In his new book, Bruce W. Dearstyne presents New York State history by exploring sixteen dramatic events. From the launch of the state government in April 1777 to the tragedy of September 11, 2001, these events altered the course of state and US history.
Chapters describe great political changes, historical turning points, and struggles for social, racial, and environmental reform. Continue reading
A recent National Park Service (NPS) report shows that visitors have spent $16.9 billion at NPS lands in 2015.
The report shows the $16.9 billion of direct spending by 307.2 million park visitors in communities within 60 miles of a national park. According to the 2015 report, most park visitor spending was for lodging (31.1 percent) followed by food and beverages (20.2 percent), gas and oil (11.8 percent), admissions and fees (10.2 percent) and souvenirs and other expenses (9.8 percent). This spending supported 295,000 jobs nationally; 252,000 of those jobs are found in these gateway communities. The cumulative benefit to the U.S. economy was $32 billion. Continue reading
This week I came across an article about Joe Bagley, the 31-year- old archaeologist who has been put in charge of one million mostly un-cataloged City of Boston artifacts. Underpaid and overburdened, he’s found ways to triage the projects that come at him each day. He has to be a historian, a fundraiser, a bureaucrat, a volunteer coordinator, a social media guru, an artifact guardian, a cheerleader for preservation, a meticulous registrar, and a broad minded strategic planner, all at the same time.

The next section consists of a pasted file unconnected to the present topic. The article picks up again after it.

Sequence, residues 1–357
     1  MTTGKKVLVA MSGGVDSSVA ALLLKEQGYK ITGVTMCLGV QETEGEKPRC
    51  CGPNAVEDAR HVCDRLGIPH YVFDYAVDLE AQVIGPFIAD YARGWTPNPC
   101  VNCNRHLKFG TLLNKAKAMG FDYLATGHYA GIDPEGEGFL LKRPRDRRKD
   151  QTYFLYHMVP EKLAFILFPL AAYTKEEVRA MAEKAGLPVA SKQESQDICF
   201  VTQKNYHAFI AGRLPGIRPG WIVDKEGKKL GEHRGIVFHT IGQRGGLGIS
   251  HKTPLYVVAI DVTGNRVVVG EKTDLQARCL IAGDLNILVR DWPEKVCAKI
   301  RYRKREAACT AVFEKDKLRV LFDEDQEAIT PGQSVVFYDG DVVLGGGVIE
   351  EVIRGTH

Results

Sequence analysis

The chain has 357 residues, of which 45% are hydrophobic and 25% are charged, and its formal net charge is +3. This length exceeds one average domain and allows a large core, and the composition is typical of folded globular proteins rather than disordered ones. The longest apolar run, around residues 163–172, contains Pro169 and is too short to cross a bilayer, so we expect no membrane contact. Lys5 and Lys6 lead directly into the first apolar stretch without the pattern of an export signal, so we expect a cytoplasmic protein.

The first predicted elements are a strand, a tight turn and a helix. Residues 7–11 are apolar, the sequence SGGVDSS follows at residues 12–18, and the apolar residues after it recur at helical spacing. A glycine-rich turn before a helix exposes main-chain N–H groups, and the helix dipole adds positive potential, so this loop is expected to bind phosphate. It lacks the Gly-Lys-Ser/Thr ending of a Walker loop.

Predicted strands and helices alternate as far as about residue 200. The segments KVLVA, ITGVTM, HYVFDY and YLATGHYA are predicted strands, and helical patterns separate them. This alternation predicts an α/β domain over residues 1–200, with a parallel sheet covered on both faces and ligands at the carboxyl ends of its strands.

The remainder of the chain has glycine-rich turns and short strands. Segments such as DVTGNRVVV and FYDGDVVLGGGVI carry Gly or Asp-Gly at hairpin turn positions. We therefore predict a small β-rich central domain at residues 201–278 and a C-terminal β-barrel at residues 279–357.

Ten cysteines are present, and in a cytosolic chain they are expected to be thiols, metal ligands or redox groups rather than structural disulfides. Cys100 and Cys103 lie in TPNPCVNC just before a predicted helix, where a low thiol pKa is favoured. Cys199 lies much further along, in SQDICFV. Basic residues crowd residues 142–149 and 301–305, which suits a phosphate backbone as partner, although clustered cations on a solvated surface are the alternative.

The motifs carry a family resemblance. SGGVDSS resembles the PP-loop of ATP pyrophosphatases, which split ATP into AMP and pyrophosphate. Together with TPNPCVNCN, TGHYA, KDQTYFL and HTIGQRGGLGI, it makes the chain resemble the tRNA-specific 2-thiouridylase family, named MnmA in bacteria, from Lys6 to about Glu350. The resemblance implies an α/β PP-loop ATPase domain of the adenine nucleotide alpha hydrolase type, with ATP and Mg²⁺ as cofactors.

You’re not alone, Joe. This has become the narrative of the post-recession workplace. It’s like a reality TV premise: we give you poverty level pay and a mountain of responsibility, and expect you to turn this organization around with your hipster ingenuity. I see it so often that I’ve started to refer to it as the martyr-hero motif. Continue reading
At present the position of the New York State Historians lies deep within the bowels of the state bureaucracy, starved for resources, and scarcely able to see the light of day through all the bureaucratic levels above it.
Formerly, the State Historian reported to the Director of the New York State Museum, who reports to the Deputy Commissioner for the Office of Culture and Education, who reports to the Executive Deputy Commissioner of Education, who reports to Commissioner of Education, who answers to the Board of Regents.
But what does that mean? Continue reading
New York has had several history-minded governors, including Andrew Cuomo, who often cites the Erie Canal and other historical achievements as evidence of our state’s historical greatness and resilience. Levi P. Morton signed the law that created the office of the State Historian. Alfred E. Smith signed the statute that created the network of official local government historians. Franklin D. Roosevelt served for a while as the official historian of the Town of Hyde Park.
But Theodore Roosevelt, governor from 1899 to 1901 and president, 1901-1909, was a notable historian in his own right. He read extensively in history and his home at Sagamore Hill on Long Island reportedly contained about 12,000 books, many of them on history, at the time of his death in 1919.Roosevelt’s own books “The Naval War of 1812” and “The Winning of the West” were best-sellers in their day. His History of New York City is still interesting. Continue reading